British Relations with Arab World Grow Tense over Rumored Arms Deal with Israel
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British Relations with Arab World Grow Tense over Rumored Arms Deal with Israel

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Britain’s relations with the Arab world appeared today to be growing tense as a result of a rumored agreement for the sale of Centurion tanks to Israel and a growing fear on the part of the Arabs that Britain’s Middle East policy now tends to favor Israel. The rumors of an arms deal grew out of last week’s meeting between former Israeli Chief of Staff Zvi Tsur, now an assistant to Defense Minister Moshe Dayan with special responsibility for obtaining arms, and British Defense Secretary Denis Healey.

The British Army is replacing its Centurion tanks with new Chieftains, leaving a surplus of Centurions for sale. A Government spokesman refused to confirm or deny that any arms pact with Israel was in the making. He said the Government’s policy was guided by the Foreign Secretary Michael Stewart’s declaration of June, 1967 that Britain favored the suspension of all arms shipments to the Mideast but was not prepared to act unilaterally.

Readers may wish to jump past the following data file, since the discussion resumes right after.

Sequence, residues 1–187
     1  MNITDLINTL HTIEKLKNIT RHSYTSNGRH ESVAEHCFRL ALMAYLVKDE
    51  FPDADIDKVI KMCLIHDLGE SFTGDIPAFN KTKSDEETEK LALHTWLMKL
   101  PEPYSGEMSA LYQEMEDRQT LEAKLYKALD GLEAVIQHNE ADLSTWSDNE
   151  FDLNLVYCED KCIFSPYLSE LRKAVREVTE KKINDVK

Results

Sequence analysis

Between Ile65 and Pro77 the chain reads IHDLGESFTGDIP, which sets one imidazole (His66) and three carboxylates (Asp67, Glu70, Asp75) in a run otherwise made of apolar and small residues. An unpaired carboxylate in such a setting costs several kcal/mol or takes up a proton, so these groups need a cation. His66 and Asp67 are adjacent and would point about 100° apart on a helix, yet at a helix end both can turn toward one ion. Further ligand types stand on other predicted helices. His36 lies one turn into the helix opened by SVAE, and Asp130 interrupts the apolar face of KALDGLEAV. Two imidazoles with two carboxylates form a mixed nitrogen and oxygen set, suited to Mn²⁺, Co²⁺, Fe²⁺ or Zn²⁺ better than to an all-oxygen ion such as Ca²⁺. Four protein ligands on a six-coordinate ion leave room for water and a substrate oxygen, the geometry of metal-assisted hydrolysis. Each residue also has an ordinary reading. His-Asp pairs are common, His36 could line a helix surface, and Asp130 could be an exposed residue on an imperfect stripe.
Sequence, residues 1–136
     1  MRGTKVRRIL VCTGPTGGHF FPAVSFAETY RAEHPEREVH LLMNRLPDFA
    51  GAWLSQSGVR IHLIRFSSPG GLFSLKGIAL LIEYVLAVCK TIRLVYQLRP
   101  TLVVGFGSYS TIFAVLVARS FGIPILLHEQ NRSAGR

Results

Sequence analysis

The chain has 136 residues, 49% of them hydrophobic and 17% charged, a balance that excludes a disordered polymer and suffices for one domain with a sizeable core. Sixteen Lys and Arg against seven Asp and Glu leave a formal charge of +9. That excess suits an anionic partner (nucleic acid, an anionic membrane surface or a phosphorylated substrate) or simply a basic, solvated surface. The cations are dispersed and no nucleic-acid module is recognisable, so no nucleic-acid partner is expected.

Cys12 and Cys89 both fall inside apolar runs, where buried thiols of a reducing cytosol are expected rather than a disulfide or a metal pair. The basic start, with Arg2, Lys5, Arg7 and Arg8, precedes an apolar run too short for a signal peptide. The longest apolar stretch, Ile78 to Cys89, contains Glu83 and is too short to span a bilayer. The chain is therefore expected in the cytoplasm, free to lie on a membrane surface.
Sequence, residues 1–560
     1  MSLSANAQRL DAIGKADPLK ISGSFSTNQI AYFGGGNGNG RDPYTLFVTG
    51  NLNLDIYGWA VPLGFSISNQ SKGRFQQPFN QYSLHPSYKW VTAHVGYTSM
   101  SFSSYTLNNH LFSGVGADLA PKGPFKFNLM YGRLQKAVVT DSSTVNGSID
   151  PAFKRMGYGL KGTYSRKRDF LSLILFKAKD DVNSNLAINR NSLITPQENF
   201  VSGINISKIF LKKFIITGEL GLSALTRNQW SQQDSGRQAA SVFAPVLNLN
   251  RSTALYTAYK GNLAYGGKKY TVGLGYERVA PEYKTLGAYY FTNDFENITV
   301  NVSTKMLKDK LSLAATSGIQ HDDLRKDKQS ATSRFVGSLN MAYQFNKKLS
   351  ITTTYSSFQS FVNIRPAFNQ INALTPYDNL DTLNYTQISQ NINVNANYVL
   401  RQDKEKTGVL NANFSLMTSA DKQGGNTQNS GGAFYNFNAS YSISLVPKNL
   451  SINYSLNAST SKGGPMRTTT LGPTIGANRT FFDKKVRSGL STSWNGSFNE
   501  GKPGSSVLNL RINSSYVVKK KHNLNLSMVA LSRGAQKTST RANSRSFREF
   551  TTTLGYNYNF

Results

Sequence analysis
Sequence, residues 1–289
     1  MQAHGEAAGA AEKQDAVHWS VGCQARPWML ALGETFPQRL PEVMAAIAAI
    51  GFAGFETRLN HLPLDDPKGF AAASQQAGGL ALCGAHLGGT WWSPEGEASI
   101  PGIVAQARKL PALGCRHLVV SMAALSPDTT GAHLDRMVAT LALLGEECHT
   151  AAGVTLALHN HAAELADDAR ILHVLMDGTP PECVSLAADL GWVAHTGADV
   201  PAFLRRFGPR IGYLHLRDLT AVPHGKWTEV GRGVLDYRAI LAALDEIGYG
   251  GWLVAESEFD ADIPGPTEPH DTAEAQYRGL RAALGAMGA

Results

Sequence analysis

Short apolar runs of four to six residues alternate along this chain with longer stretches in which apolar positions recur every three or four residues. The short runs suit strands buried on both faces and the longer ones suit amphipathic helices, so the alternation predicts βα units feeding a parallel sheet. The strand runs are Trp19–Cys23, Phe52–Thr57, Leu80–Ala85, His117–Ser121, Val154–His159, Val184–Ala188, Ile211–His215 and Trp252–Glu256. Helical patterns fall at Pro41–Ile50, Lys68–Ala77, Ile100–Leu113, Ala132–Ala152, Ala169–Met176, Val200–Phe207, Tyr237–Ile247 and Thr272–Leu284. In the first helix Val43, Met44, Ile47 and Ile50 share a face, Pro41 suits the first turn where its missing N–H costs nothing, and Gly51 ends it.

These developments brought strong representations from pro-Arab elements in Parliament and from the Arab world’s press. Sir Dingle Foote, Christopher Mayhew and other Members of Parliament associated with the “British Committee for an Understanding with the Arabs” were expected to raise the question in the House of Commons. They have already brought it up with the Foreign Office. The semi-official Cairo daily, Al Ahram said yesterday that Egypt would advise Britain informally that arms supplies to Israel would be regarded as “a hostile act against the Arab countries.”

The official Egyptian Government spokesman, Mohammed Hassan el-Zayyat, said Friday that any sale of arms to Israel “can only be explained as encouragement if not incitement to the continuation of aggression” and added that Britain’s silence on the reported arms deal “calls for an explanation.” The pro-Western Beirut newspaper L’Orient said that London was adopting a position which was intended to be a counterweight to that of Paris and to neutralize the effects of French diplomacy.

Following French President de Gaulle’s recently enacted embargo on military equipment and spare parts to Israel, Aharon Remez, Israel’s Ambassador to London, spoke hopefully of the likelihood of Britain being ready to fill orders for material affected by the embargo.

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